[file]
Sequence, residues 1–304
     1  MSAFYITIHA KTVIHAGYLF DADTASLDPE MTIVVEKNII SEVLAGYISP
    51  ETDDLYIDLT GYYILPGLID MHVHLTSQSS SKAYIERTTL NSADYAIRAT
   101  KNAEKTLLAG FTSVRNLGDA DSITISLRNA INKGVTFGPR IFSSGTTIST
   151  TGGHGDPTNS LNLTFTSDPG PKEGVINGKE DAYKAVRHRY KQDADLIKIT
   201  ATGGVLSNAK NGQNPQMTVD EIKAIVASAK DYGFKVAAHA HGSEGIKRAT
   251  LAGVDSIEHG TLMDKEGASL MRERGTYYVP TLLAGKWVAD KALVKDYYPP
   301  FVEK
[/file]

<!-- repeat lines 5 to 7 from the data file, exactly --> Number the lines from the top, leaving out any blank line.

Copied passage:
   151  TGGHGDPTNS LNLTFTSDPG PKEGVINGKE DAYKAVRHRY KQDADLIKIT
   201  ATGGVLSNAK NGQNPQMTVD EIKAIVASAK DYGFKVAAHA HGSEGIKRAT
   251  LAGVDSIEHG TLMDKEGASL MRERGTYYVP TLLAGKWVAD KALVKDYYPP